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Making of 'Mules Gold'

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Date Added: 22nd June 2009
Software used:

As mentioned earlier, the characters were modelled and rigged to look good in any pose so they could be animated. See Fig.07 for the topology of the characters in a test pose. Once we were happy with the characters we got them into a scene and started creating a world for them. What better place to have them in than a saloon...?

Fig. 07

Part 2 - Enviornment, Lighting and Rendering: By Lee Sullivan

Reference: (Fig.08)

Before we even modelled a poker chip, the first thing we did was research every type of film, book, website and photograph that featured a western saloon of any kind. After gathering hundreds of images we came up with a prop list of the things we needed to model, as well as a layout and an overall structure for the saloon itself. As we intend to use the space as the primary location for our short film we wanted to make sure the saloon was what we required for the entire story to help minimise re-work at a later date.

Fig. 08

Polygon Modelling: (Fig.09)

The saloon was modelled in Maya using simple polygon modelling techniques. To minimise render times we strived to keep the poly count as low as possible whilst retaining a high level of fidelity in anything that was going to be seen up close by the camera or that one of the characters would be interacting with, either in the teaser poster or at some point during the short.

Fig. 09

Art Direction - Texturing & Shading: (Fig.10)

Before we created one texture map it was vital that we agreed on the look and feel of the saloon we were creating. While doing so much research we realised that there were many different types of establishment aimed at just as many levels of cliental. The difference between the one in say Unforgiven and Tombstone may at first glance seem relatively small, but on closer inspection details like the wall coverings, furnishings, and the type of wood the floor is made of, all contribute to the visual style, atmosphere and feel of a place.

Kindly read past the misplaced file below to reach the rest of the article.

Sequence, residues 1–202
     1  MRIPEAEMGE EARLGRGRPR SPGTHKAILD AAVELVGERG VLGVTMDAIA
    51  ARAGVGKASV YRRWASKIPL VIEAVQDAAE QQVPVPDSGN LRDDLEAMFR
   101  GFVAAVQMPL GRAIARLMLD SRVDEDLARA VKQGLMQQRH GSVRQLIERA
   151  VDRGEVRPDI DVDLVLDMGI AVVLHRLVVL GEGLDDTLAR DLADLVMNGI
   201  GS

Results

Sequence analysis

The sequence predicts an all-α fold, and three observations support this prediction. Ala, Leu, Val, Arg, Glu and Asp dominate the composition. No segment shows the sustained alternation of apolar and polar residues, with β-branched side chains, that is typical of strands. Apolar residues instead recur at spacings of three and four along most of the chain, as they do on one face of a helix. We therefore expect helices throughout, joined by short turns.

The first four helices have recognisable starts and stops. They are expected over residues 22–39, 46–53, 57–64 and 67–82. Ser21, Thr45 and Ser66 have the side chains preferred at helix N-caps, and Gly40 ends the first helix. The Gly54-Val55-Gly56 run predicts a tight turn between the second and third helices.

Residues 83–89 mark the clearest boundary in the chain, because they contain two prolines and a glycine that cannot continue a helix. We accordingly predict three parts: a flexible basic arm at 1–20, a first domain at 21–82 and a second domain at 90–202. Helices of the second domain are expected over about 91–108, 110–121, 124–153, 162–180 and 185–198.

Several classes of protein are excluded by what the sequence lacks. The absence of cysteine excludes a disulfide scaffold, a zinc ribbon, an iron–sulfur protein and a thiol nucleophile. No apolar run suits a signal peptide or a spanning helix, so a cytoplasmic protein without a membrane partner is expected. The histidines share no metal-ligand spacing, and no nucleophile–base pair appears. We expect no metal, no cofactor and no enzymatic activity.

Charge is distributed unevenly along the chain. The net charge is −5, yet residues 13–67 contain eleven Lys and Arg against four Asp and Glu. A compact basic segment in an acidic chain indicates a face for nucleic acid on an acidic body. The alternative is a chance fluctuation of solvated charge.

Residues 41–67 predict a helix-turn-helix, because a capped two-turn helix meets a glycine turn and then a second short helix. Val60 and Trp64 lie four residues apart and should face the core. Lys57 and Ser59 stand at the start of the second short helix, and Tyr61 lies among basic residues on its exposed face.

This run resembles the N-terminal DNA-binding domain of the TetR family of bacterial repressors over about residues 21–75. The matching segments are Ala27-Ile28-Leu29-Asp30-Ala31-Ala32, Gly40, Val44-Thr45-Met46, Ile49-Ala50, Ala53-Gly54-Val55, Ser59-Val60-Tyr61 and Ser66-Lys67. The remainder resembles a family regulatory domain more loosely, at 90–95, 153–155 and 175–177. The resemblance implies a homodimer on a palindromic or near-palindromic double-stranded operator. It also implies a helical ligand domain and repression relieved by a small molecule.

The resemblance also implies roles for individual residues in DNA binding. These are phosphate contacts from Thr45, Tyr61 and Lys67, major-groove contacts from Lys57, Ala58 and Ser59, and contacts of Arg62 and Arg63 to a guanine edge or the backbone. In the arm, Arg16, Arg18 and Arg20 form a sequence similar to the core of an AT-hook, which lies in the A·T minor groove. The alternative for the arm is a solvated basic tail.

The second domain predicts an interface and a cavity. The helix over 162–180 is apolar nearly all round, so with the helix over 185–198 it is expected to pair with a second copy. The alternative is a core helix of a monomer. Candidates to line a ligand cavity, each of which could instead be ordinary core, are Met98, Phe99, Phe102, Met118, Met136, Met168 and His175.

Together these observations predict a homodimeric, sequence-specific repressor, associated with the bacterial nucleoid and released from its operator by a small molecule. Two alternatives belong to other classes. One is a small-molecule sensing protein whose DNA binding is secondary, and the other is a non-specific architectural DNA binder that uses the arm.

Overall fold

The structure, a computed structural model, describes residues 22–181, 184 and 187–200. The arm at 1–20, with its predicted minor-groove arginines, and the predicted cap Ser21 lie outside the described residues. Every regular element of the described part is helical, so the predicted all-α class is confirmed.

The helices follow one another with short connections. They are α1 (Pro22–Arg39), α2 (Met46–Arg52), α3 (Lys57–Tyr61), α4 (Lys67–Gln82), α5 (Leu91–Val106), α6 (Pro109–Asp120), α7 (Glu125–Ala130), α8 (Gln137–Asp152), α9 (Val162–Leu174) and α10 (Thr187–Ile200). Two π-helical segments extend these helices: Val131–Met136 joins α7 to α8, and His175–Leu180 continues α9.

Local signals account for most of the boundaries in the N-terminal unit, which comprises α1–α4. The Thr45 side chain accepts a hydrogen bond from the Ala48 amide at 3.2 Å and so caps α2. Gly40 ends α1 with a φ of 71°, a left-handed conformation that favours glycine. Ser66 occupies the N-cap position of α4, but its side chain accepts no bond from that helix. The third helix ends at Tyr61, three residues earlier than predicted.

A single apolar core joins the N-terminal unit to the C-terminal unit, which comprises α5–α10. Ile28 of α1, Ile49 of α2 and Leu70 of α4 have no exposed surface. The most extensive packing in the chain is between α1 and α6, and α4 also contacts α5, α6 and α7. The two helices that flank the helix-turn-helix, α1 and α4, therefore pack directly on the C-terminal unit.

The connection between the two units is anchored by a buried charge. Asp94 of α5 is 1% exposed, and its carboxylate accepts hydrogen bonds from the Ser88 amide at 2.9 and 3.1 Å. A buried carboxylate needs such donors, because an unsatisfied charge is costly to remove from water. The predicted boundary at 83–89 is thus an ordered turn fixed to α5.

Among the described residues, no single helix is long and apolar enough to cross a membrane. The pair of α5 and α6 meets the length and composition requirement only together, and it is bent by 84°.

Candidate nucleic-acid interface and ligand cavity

In our saloon we wanted things to look worn, weathered and dirty. The place wasn't in the biggest of towns, wasn't very glamorous and featured only the most basic amenities. There should be dirt on the floor, the walls should be stained with cigarette smoke and everything should look worn and well used.

All of the texturing work was created in Photoshop and authored in black and white using a combination of reference base textures from various sources and photographs we took ourselves. We used Maya shaders, mostly a combination of blinns and lamberts to achieve the right mix of materials, as well as a couple of the new Mental Ray Mia materials to simulate glass and metal. In addition to the base textures we also used a small amount of bump and specular maps in places to help achieve our visual style.

Fig. 10

Poker Table Texture - The Process: (Fig.11)

Here are the various stages we followed in the creation of any texture - in this case the main poker table. The first step was the laying out of the UVs and creating the base textures, which in this case were felt and wood. By overlaying the UVs again we were able to work into the texture creating scuffmarks and scratches on the wood, as well as adding spillages and stains to areas directly under the player's drinks and cards. All of this extra detail was created on layers in Photoshop using a variety of blend modes such as hard light and overlay.

Fig. 11

Lighting the Environment: (Fig.12 - 13)

Early on we made the decision to light the project in Maya using Metal Ray with Final Gather. To keep render times low we wanted to avoid using global illumination, and because the lighting style was going to be fairly high contrast, and also in black and white, it just wasn't a good fit. Because the render times were still fairly high the work in progress lighting was done with final gather switched off and with a series of ambient lights with a low intensity in its place.
Because we wanted to maintain a high contrast level we started with a directional light and only added more illumination where it was required. As you can see from the images the lighting rig consisted of:

  • One directional light coming through the window casting the main shadows
  • An area light in each window frame to increase the over brightening
  • An area light stretching out from the window onto the floor, giving added bounce light
  • A low intensity point light with a linear fall off to increase illumination near each window
  • A fill light with in front of the poker table to help pick it out slightly from the background

Fig. 12

Fig. 13

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